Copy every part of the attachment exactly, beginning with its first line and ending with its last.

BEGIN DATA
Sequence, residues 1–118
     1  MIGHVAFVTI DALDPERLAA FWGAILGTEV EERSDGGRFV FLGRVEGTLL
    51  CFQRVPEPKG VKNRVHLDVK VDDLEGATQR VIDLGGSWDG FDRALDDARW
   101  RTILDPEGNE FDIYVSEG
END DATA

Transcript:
Sequence, residues 1–118
     1  MIGHVAFVTI DALDPERLAA FWGAILGTEV EERSDGGRFV FLGRVEGTLL
    51  CFQRVPEPKG VKNRVHLDVK VDDLEGATQR VIDLGGSWDG FDRALDDARW
   101  RTILDPEGNE FDIYVSEG